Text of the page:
But you can peer into the future too. The value of the tree rings is that you can identify oscillations. The word 'cycles' doesn't quite describe it because it's not always coming back to the same patterns. Actually, more like jazz, if you listen to some of the work of the late great Dave Brubeck you hear these patterns oscillating with each other and coming into alignment at some point. And that's very much the same with the tree rings in the climate cycles. Climate flows in rhythms and oscillations and just like the sine wave of a radio signal, there's an amplitude, which is how severe, how extreme an event is, and then there's the frequency, how often it occurs. And this is a very recent reconstruction from teak, from Rosanne D’Arrigo at Columbia University that shows these oscillations of wet and dry. This is in central Burma just north of the central dry zone. And it has some very, very distinct dry periods from 1600 up until a few years ago. What's driving those cycles? For Southeast Asia largely, and I say 'largely' because there is an element of the unknown that's very difficult to predict, but largely it's due to the el Niño southern oscillation. El Niño is when there's a shift in air pressure and trade winds blow a big chunk of warm water that sloshes across the Pacific and slams up against South America. What it leaves is cooler water in the western Pacific and that cooler water produces less moisture in the air. Because with less moisture in the air the monsoons are weakened and so, there's different ways they can be weakened, but the overall rainfall pattern is less.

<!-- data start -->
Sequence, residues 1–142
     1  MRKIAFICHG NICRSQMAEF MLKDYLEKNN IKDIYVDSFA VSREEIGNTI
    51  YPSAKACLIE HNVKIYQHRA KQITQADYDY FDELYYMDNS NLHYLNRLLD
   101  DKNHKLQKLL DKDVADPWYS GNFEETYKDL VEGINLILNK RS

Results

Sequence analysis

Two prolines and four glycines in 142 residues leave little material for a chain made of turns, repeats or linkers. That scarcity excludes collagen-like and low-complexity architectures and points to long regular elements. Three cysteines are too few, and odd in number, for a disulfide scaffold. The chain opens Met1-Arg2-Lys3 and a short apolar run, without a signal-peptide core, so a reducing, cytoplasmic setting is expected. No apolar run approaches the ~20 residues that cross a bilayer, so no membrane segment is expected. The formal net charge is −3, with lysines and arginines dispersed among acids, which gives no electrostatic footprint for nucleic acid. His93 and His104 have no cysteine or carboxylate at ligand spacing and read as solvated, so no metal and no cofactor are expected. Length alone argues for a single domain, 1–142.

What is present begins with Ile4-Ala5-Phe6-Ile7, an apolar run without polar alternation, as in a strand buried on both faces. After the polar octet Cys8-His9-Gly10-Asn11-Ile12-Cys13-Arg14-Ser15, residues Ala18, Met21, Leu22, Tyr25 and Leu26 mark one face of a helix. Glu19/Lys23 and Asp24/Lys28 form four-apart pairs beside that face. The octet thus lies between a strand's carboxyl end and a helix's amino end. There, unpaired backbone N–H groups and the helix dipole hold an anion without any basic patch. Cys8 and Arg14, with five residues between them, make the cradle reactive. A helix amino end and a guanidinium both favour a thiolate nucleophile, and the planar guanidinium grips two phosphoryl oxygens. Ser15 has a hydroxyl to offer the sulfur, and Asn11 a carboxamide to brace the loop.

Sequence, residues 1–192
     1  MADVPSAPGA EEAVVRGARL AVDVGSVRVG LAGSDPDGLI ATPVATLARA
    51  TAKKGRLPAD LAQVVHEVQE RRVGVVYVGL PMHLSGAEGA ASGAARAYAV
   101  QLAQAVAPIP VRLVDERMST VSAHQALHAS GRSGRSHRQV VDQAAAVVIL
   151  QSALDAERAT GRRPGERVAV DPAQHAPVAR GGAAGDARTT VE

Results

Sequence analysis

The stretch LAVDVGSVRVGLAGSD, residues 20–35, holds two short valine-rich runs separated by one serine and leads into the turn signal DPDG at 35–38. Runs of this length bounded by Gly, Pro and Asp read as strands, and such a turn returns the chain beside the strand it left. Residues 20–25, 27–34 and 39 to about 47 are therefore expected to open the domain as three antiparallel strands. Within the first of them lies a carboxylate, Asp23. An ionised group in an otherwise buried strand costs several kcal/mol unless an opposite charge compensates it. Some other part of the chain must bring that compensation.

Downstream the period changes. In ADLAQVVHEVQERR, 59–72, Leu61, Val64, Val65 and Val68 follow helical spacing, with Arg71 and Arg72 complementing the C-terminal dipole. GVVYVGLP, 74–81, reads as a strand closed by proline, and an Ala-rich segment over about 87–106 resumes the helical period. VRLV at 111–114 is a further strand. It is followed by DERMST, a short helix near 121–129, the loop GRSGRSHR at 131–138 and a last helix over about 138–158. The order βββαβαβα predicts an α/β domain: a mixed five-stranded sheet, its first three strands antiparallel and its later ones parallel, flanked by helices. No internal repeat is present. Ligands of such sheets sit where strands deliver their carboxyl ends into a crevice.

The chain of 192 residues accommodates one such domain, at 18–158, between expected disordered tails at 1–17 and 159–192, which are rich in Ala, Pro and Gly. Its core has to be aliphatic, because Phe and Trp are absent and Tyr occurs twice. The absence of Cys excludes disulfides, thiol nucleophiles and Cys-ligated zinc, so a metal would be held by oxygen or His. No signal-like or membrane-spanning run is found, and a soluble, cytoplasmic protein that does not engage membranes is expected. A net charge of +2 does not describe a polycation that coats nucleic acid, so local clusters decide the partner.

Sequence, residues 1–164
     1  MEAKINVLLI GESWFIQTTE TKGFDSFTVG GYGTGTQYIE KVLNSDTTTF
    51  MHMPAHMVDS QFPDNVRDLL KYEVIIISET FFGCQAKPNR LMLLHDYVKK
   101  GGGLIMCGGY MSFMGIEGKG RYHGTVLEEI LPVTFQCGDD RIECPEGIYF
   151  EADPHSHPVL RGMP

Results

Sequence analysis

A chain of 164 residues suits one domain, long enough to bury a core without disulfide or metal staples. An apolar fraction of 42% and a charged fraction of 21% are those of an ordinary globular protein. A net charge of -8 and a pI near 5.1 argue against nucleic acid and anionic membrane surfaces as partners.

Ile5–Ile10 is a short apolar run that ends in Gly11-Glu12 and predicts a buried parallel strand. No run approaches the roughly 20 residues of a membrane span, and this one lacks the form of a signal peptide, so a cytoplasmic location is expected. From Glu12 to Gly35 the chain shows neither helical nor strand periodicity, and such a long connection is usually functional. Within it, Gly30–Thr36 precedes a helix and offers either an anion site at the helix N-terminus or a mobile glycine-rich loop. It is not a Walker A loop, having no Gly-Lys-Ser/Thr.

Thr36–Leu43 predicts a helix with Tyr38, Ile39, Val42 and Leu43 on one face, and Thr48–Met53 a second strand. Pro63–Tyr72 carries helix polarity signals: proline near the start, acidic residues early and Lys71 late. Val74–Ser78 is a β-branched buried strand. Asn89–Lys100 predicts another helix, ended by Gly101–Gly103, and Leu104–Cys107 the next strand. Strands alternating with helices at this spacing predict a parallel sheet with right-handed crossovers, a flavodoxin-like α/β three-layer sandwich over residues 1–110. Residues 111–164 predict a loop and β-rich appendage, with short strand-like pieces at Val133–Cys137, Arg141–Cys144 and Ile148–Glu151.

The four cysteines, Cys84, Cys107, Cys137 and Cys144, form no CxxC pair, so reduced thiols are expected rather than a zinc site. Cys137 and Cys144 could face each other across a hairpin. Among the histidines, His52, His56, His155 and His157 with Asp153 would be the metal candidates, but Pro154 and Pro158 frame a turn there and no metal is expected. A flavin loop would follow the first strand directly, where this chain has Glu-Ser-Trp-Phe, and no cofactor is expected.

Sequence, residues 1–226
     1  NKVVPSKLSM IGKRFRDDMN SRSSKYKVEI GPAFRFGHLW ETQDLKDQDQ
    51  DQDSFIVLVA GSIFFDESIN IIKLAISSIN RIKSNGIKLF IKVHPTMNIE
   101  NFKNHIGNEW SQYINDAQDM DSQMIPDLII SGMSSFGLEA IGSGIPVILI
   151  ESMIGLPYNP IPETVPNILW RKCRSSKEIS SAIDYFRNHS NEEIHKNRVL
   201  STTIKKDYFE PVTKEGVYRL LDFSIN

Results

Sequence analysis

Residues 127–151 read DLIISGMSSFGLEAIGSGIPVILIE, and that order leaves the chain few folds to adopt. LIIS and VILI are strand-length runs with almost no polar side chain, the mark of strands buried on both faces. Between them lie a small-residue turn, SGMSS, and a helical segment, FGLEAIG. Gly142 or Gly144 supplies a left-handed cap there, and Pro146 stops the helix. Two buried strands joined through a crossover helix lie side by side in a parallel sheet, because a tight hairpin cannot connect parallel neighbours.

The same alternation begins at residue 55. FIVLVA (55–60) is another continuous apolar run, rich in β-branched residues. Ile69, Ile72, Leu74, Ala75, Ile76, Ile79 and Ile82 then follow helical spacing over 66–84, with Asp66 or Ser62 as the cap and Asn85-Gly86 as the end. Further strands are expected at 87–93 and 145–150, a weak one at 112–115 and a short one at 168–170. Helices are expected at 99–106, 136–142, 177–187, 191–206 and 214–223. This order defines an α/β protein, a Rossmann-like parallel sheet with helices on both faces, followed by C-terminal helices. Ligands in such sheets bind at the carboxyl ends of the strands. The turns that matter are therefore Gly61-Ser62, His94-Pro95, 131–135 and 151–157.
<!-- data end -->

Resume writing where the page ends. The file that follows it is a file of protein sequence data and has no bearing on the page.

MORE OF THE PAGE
So these el Niños are driving largely - to the best of their understanding - these wet and dry cycles. Certainly in Burma, and then there's been a lot more work done in Thailand and Vietnam, where these same el Niño driven cycles are readily apparent in the tree rings. But there's more information in there. The width of the ring can tell you the total rainfall, but that doesn't give you the information necessarily that's driving agriculture. Again this is where agriculture and forestry comes close together. As I mentioned an agricultural crop can go maybe two weeks without water, beyond that the yield goes way down and people suffer. That can be picked up in the tree rings, we think. This is still fairly preliminary work. But, in this particular pine that’s found throughout Southeast Asia, we see these rings that form that are indicative, we think, of a break in the monsoons. This is a recent climate map, because there’s only been climate information for Southeast Asia for the past 30 to 40 years, so it’s really difficult to get a very clear picture of the trends in climate change. But my colleagues were able to map out the breaks in days, or the length of the monsoonal breaks in days, and then the central dry zone of Burma, and the central region of Thailand, and large parts of Vietnam. These breaks can last in excess of 10 days, and that has a potentially significant impact on agriculture. And if you have a break in the middle of that, and we can pick it up, we have the potential for identifying the cycles of monsoonal breaks also, that we can link back in a way that can potentially impact, or understand the risk, that smallholders face in terms of dry periods.